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Nature. 2006 Feb 9;439(7077):741-4. Epub 2005 Dec 21.

Structural basis for Duffy recognition by the malaria parasite Duffy-binding-like domain.

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Structural and Computational Biology Group, International Centre for Genetic Engineering and Biotechnology (ICGEB), Aruna Asaf Ali Marg, New Delhi-110067, India.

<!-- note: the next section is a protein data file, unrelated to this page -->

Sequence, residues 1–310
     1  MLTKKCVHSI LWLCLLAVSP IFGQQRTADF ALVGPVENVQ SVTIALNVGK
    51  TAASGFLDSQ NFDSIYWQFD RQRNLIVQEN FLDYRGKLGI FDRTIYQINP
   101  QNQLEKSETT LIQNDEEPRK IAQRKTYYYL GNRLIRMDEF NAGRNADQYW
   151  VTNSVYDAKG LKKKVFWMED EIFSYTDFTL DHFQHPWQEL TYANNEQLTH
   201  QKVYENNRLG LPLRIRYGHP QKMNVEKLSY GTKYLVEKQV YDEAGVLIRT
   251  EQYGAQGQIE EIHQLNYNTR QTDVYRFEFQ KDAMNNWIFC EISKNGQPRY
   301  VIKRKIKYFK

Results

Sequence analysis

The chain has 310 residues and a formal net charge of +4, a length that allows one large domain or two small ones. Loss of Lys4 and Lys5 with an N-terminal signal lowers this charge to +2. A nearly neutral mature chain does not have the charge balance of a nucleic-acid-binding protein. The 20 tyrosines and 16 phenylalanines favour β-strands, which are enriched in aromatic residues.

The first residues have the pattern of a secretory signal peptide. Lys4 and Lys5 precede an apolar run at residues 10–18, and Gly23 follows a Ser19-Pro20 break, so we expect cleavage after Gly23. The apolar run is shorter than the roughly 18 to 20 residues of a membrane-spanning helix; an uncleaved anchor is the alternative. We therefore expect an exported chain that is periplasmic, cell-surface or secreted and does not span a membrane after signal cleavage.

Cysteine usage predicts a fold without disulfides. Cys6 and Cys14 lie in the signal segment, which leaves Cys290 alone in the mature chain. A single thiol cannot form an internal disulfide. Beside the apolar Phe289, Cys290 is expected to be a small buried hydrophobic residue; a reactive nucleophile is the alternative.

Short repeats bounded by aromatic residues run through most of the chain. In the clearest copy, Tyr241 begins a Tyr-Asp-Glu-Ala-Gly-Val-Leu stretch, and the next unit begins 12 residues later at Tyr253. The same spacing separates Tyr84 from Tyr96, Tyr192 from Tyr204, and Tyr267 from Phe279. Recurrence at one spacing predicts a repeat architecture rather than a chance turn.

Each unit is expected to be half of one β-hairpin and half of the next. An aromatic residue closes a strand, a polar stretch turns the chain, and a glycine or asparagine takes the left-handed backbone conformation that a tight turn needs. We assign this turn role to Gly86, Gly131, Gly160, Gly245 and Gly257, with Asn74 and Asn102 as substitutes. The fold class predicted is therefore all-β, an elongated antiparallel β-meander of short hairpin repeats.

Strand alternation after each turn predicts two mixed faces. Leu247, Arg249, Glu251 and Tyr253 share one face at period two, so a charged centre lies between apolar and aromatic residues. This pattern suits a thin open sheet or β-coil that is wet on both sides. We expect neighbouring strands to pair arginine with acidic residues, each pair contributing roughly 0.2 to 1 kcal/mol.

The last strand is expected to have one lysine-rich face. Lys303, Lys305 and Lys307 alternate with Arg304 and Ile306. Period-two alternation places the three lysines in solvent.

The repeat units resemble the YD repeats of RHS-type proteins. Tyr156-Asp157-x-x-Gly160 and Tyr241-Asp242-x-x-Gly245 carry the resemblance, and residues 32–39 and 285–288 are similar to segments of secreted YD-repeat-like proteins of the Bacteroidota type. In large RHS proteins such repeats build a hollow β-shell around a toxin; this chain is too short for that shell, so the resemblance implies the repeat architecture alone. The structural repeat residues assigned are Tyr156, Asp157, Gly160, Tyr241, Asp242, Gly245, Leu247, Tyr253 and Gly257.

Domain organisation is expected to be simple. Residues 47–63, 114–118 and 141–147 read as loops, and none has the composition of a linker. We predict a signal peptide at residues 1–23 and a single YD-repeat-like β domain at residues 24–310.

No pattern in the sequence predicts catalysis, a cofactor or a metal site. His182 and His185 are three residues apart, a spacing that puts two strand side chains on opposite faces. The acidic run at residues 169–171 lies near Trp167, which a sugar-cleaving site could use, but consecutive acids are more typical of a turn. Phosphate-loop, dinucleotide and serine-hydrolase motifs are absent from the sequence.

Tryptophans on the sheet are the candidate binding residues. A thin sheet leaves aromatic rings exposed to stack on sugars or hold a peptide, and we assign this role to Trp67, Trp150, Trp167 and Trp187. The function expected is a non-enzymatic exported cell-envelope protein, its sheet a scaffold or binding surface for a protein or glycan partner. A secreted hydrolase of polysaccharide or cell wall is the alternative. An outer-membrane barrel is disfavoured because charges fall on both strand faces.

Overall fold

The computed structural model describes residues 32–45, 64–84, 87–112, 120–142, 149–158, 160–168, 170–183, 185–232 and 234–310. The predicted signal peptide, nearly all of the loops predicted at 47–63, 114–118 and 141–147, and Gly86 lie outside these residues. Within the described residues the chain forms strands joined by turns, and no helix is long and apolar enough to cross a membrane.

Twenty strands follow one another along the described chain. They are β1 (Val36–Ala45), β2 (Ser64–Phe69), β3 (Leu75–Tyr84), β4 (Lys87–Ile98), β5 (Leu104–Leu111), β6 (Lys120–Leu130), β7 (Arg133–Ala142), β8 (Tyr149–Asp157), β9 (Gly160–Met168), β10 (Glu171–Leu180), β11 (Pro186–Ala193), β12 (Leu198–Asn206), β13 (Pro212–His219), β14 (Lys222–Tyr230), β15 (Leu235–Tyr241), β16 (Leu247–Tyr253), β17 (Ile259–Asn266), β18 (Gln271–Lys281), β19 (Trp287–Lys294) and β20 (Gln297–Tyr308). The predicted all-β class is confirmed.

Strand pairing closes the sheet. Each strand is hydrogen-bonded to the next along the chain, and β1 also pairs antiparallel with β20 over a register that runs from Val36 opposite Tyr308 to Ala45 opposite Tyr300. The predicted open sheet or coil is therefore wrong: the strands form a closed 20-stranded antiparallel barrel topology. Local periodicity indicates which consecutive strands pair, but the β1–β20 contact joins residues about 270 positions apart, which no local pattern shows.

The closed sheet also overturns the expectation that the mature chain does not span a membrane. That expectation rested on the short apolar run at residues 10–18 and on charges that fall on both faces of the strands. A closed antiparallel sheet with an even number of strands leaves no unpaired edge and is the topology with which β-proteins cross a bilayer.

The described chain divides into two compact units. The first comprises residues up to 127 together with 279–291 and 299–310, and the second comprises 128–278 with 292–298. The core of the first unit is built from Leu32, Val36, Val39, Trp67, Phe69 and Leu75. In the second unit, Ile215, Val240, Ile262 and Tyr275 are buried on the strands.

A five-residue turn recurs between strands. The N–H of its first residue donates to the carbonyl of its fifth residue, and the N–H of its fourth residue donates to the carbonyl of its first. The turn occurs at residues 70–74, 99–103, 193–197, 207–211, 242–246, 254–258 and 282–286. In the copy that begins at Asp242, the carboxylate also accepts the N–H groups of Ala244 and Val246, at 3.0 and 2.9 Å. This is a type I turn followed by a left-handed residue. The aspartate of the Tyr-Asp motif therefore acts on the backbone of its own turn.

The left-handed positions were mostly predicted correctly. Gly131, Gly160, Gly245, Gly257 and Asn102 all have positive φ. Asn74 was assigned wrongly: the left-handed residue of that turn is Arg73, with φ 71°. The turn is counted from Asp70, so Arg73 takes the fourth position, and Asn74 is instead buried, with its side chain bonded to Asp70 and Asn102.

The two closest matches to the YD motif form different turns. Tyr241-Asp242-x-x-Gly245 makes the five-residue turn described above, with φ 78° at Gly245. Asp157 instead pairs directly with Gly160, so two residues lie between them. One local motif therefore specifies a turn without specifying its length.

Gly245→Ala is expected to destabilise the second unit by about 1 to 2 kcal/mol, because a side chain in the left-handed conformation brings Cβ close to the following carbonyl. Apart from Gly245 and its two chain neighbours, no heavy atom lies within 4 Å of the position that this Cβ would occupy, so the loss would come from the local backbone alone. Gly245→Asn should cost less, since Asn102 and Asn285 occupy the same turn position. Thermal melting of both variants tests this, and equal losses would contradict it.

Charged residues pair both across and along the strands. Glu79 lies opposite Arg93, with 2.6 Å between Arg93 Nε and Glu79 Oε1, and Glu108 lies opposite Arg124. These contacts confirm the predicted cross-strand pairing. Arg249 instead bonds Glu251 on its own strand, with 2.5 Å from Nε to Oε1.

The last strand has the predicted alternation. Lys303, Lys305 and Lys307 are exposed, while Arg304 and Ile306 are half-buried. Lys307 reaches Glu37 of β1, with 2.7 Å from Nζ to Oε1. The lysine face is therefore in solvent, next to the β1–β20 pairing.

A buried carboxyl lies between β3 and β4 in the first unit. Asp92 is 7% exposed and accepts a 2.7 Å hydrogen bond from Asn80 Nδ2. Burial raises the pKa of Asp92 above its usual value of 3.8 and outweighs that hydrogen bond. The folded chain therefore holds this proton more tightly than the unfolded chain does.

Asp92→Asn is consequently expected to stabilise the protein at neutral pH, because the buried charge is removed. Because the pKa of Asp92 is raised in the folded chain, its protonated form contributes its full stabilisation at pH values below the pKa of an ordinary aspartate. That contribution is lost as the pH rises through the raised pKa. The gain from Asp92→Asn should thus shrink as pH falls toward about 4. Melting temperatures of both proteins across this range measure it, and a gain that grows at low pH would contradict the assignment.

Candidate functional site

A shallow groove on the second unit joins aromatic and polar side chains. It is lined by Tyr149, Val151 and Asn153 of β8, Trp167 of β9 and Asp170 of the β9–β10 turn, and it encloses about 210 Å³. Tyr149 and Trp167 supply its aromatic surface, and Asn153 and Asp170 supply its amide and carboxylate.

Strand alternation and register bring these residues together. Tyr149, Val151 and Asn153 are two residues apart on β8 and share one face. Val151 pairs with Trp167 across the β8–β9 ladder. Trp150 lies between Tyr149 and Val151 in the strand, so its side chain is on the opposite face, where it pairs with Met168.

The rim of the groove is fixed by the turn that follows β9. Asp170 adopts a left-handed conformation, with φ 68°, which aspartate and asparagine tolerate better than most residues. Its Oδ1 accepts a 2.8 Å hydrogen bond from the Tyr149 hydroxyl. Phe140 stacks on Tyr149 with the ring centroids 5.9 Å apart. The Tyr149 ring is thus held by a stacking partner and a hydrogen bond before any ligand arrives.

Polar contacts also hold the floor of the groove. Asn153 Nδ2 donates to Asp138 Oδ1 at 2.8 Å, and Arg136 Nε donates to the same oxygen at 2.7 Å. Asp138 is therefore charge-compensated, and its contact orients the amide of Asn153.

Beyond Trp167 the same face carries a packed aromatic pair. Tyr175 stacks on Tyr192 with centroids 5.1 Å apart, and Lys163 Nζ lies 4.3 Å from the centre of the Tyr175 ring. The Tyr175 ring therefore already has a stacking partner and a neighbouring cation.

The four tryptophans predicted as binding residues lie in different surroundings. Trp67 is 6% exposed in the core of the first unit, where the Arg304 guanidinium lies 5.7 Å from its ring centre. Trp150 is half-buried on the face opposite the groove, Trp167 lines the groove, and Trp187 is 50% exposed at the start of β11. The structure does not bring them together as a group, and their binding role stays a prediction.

Molecular processes that govern pathogenic features of erythrocyte invasion and cytoadherence in malaria are reliant on Plasmodium-specific Duffy-binding-like domains (DBLs). These cysteine-rich modules recognize diverse host cell-surface receptors during pathogenesis. DBLs of parasite erythrocyte-binding proteins mediate invasion, and those from the antigenically variant P. falciparum erythrocyte membrane protein 1 (PfEMP1) have been implicated in cytoadherence. The simian and human malarial parasites, P. knowlesi and P. vivax, invade human erythrocytes exclusively through the host DARC receptor (Duffy antigen receptor for chemokines). Here we present the crystal structure of the P. knowlesi DBL domain (Pkalpha-DBL), which binds to DARC during invasion of human erythrocytes. Pkalpha-DBL retains the overall fold observed in DBLs from P. falciparum erythrocyte-binding antigen (EBA)-175 (ref. 4). Mapping the residues that have previously been implicated in binding highlights a fairly flat but exposed site for DARC recognition in subdomain 2 of Pkalpha-DBL; this is in sharp contrast to receptor recognition by EBA-175 (ref. 4). In Pkalpha-DBL, the residues that contact DARC and the clusters of residues under immune pressure map to opposite surfaces of the DBL, and suggest a possible mechanism for immune evasion by P. vivax. Our comparative structural analysis of Pkalpha-DBL and P. falciparum EBA-175 provides a framework for the understanding of malaria parasite DBLs, and may affect the development of new prophylactic and therapeutic strategies.

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